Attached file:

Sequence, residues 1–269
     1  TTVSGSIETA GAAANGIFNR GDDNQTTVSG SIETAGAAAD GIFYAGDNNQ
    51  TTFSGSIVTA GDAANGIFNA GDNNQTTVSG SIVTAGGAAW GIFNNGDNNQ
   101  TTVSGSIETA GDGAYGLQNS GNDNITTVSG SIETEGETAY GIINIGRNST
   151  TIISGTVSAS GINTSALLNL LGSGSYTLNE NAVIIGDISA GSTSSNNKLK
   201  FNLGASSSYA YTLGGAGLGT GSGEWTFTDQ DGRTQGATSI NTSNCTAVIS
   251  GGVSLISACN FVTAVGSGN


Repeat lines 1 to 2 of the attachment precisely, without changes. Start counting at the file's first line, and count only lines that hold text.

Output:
Sequence, residues 1–269
     1  TTVSGSIETA GAAANGIFNR GDDNQTTVSG SIETAGAAAD GIFYAGDNNQ